Edward — pale, willowy, with beautifully-coiffed hair, one half platinum blonde, the other half brunette — worked in the canteen at the Liverpool Echo offices by day serving subsidised lunches to journalists who reported on the latest council estate murder, or plans for the new shopping mall development in town. Les worked in his dad's Garston garage where he kept his velvet drape jacket, purple beetle crushers and neon orange shirt carefully locked away in his locker, ready for changing into Superman phone box-style after he'd locked the forecourt up on a Saturday afternoon. Vincent the civil servant transformed on the long bus ride from St Helens to Liverpool city centre every weekend, carefully folding his work suit into the satchel into which he'd carefully packed his Victorian school ma'am's outfit complete with pinafore dress, white bonnet and....rouge, black fishnets and red patent leather stilettos.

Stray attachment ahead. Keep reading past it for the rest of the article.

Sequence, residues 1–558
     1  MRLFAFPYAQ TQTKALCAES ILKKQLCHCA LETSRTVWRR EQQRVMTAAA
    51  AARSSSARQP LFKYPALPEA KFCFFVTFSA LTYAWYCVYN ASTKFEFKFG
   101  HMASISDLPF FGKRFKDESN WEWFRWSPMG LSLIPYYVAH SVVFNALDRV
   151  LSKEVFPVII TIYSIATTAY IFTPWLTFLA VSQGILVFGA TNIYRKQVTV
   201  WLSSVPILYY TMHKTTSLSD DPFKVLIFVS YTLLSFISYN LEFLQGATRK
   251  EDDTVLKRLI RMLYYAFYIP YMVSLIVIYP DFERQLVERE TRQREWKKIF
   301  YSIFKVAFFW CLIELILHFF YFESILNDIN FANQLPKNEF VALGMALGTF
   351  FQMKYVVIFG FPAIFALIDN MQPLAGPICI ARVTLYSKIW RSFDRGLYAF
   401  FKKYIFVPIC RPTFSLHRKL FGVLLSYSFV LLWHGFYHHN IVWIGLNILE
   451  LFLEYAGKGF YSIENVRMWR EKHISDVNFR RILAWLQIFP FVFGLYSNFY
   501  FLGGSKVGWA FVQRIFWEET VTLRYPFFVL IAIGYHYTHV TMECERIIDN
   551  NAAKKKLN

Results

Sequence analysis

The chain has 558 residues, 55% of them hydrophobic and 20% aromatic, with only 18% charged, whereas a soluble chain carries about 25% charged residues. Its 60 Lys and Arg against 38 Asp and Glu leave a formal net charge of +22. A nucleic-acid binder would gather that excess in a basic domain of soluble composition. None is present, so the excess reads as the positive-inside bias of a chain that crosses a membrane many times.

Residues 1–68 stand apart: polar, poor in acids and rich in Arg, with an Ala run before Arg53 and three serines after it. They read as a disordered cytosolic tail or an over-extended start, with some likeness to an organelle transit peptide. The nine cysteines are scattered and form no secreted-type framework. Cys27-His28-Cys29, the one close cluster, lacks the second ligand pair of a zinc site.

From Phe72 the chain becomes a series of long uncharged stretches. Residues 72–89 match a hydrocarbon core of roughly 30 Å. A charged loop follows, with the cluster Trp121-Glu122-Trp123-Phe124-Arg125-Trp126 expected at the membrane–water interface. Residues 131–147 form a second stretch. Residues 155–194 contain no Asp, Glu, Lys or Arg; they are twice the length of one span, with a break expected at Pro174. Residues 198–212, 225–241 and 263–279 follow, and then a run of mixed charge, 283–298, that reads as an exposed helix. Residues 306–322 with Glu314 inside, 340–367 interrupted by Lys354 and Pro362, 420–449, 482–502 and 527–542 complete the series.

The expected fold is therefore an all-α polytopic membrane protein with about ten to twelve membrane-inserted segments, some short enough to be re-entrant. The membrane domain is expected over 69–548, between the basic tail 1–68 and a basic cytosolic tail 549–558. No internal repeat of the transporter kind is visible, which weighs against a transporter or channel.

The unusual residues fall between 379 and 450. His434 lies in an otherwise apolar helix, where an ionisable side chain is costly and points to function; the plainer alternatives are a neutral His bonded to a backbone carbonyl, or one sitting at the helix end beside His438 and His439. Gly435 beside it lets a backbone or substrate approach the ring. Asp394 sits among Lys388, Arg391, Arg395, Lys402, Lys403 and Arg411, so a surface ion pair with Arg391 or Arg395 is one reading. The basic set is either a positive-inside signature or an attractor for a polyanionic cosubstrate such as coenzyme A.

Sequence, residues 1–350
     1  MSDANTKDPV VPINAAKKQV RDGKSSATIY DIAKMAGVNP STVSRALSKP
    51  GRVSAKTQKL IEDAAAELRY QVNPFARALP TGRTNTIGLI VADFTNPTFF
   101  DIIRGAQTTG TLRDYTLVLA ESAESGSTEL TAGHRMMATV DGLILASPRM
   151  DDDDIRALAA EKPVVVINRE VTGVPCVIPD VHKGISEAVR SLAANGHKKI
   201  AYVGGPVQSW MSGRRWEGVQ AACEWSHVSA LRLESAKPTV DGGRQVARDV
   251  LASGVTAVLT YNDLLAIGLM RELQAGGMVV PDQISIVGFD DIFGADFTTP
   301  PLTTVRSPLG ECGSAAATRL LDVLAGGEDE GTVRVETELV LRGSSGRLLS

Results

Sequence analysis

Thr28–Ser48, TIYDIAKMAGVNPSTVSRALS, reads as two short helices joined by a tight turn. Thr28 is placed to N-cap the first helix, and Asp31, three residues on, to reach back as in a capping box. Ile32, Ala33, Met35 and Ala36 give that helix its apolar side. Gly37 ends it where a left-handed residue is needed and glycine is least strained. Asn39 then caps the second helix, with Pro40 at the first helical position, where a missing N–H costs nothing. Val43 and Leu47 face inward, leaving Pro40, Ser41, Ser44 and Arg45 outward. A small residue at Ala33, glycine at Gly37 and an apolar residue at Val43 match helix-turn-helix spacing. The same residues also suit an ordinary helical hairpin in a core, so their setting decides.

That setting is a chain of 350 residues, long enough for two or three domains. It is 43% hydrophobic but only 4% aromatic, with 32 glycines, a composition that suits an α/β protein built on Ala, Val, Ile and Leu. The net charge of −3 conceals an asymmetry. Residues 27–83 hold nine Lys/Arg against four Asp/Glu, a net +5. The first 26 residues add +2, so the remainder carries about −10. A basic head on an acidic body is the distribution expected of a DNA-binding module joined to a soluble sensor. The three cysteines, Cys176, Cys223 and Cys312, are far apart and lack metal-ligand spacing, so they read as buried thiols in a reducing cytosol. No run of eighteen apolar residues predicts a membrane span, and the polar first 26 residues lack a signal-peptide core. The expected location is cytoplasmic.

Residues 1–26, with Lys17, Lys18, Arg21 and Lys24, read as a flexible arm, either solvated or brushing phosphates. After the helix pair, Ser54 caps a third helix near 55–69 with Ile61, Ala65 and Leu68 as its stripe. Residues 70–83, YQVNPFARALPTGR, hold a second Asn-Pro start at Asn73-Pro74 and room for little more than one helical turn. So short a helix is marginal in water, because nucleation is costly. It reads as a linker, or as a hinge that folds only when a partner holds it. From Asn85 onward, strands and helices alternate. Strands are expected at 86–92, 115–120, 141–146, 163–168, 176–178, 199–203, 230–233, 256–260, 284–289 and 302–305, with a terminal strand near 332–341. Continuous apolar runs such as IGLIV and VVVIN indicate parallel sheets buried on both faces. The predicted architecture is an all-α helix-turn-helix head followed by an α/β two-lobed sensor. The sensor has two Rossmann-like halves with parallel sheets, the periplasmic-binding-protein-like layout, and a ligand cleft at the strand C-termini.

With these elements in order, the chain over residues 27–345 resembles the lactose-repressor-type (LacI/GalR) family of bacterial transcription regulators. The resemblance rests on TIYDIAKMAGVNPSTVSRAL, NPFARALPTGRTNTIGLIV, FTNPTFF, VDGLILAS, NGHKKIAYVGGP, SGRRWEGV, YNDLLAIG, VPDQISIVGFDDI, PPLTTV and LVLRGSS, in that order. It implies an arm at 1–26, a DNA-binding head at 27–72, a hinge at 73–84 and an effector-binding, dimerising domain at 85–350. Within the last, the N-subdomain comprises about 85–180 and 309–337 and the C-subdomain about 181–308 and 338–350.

In MacMillans and Planet X, Edward, Les, Vincent and all of us could be whoever we really wanted to be, away from the panic flashing in the eyes of families, employers and colleagues who didn't understand why being a canteen cook, or a car mechanic, or a civil servant, was the destination rather than a journey to somewhere — and something — else. It must have been hard if you lived at home during that time, being accused of being a gloomy goth, being told to “dress properly”, being told that early nights were the key to career success.